9. During the third 45° of turn, the rate of turn is still quite fast, requiring a fast response time from the pilot. The pitch continues to decrease to its lowest point at the 135° point, the bank continues to decrease, and the airspeed continues to increase.
  10. During the last 45° of turn, the rate of turn is very slow. The pitch continues to increase back to the level flight attitude, bank decrease to zero at the 180° point, altitude continues to descend back to the entry altitude, and airspeed continues to increase, until reaching the 180° point.
  11. The altitude gained during the first 90° of turn should equal the altitude lost during the second 90° of turn, so that the aircraft returns to the starting altitude.
  12. Upon reaching the 180° point, the procedure is immediately performed in the opposite direction. One complete lazy 8 consists of two 180° turns.}
  13. As proficiency level is increased, lazy 8’s may be practiced at various bank maximums, up to 60°
  14. Common errors include not keeping the ball centered, especially approaching the 90° point when turning to the right, not constantly varying the bank and pitch, and gaining or losing altitude.

Eights-on-pylons or pylon eights

  1. This ground reference maneuver involves flying the airplane in circular paths, alternately left and right, in the form of a figure “8” around two selected points or “pylons” on the ground. No attempt is made to maintain a uniform radius from the pylon.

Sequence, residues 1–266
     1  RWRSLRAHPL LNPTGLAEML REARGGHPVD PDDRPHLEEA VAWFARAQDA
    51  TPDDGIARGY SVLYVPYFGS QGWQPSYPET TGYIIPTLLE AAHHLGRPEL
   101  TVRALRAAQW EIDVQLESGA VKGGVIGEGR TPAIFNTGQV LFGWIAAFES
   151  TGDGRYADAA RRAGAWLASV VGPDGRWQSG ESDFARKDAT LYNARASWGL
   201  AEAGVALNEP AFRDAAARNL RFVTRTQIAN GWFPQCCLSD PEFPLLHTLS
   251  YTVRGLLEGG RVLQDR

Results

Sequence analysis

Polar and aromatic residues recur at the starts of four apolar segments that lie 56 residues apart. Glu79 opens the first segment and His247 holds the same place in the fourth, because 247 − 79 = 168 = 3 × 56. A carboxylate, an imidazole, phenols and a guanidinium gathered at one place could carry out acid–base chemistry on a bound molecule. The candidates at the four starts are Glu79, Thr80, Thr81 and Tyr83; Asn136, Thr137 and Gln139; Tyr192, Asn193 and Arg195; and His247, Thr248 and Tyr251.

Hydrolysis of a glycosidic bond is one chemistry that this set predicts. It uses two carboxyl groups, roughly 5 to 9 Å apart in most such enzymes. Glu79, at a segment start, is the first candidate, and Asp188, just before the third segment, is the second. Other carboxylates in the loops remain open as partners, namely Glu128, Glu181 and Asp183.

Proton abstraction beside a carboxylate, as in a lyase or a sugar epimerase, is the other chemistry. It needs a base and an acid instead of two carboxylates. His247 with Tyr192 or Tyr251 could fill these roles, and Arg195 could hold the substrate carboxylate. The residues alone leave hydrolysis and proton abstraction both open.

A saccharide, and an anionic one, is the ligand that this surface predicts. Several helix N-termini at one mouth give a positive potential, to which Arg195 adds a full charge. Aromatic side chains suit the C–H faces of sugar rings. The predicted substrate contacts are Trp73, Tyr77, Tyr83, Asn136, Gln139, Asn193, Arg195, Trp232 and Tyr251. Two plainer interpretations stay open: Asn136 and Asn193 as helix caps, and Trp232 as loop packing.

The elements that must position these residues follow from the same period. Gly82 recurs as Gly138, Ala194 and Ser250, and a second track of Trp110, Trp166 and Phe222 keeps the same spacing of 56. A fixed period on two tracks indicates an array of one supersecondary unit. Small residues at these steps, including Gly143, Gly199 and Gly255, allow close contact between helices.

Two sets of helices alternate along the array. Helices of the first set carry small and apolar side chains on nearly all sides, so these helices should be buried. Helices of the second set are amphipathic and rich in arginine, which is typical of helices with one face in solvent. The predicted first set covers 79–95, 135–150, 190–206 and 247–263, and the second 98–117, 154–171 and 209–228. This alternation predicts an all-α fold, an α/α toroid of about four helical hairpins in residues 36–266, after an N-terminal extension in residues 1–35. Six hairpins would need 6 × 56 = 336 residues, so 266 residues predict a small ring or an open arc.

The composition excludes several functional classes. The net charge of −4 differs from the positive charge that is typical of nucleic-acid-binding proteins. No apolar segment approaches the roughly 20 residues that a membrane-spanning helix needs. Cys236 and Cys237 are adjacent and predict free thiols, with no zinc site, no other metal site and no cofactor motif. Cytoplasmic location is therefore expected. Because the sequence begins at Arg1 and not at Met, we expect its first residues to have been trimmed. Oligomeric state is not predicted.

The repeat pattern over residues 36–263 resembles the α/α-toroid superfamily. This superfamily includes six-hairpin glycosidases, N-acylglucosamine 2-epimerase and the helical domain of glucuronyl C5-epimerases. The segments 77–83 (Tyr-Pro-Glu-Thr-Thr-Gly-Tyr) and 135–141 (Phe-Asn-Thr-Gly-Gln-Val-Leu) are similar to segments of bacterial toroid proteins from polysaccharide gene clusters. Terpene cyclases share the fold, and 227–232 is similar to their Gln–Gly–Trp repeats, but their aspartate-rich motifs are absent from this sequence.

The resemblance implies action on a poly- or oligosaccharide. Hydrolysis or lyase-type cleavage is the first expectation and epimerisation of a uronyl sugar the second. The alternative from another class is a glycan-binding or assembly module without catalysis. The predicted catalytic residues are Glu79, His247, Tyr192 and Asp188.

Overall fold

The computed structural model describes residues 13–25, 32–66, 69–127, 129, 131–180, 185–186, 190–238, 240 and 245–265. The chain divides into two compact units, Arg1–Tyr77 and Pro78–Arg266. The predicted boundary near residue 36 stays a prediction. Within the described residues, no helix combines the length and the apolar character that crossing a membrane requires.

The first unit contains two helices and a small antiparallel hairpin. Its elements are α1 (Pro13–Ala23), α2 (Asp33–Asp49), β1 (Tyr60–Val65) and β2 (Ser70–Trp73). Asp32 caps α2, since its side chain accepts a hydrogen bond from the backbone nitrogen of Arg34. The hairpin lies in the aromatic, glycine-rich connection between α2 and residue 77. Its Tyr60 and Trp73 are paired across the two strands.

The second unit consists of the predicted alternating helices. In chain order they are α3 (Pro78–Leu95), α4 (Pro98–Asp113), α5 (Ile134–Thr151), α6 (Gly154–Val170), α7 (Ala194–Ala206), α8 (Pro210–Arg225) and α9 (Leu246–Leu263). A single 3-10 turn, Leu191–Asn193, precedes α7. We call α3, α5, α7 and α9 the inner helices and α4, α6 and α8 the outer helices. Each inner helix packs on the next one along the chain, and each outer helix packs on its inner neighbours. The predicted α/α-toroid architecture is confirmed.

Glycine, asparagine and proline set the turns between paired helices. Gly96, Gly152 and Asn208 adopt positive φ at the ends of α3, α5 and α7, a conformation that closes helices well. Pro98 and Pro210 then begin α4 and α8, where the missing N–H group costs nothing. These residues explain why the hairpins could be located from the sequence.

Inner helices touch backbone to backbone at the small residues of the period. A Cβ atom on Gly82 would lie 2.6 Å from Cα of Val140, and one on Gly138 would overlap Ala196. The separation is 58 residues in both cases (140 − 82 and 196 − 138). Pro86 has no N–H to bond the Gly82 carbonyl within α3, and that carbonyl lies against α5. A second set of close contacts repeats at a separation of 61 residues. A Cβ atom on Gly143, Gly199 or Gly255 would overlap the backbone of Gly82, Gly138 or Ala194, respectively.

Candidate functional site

2. The airplane is flown at such an altitude and airspeed that a line parallel to the airplane’s lateral axis, and extending from the pilot’s eye appears to pivot on each of the pylons.
  3. The altitude flown is called the “pivotal altitude” and is governed by groundspeed according to the formula:
    Pivotal altitude = (ground speed) / 11.3
  4. For 100 KTAS and no wind, the pivotal altitude is 885 feet AGL, with a 20 knot wind at altitude, the pivotal altitude will vary several hundred feet
  5. If effect, when at the proper pivotal altitude, the airplane appears to pivot on the selected point.
  6. The pivotal altitude does not vary with the angle of bank.
  7. The eight is usually begun by flying diagonally crosswind between the pylons.
  8. The pylons MUST be selected such that a straight line between the pylons is perpendicular to the wind and should be entered downwind between the two pylons.
  9. As the airplane drifts closer to the pylon, the angle of bank must be increased to hold the reference line on the pylon. If the reference line appears to move ahead of the pylon, the pilot should increase altitude. If the reference line appears to move behind the pylon, the pilot should decrease altitude.
  10. There should be a few seconds of straight and level time between pylons.
  11. The most common error in attempting to hold a pylon is incorrect use of the rudder.
  12. The maximum bank angle should be between 30° and 40°.
  13. The distance between the pylons should be about 1 mile for 100 knots of groundspeed.